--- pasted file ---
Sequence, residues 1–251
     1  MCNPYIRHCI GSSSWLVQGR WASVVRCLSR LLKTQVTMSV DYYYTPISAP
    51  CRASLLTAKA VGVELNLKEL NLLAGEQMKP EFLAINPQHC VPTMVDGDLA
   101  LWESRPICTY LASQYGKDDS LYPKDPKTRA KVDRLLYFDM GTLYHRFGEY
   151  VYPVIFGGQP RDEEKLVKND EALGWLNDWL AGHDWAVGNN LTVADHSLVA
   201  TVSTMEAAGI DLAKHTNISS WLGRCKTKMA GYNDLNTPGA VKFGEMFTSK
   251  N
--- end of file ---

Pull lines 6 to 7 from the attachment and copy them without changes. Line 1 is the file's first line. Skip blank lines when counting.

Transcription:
   201  TVSTMEAAGI DLAKHTNISS WLGRCKTKMA GYNDLNTPGA VKFGEMFTSK
   251  N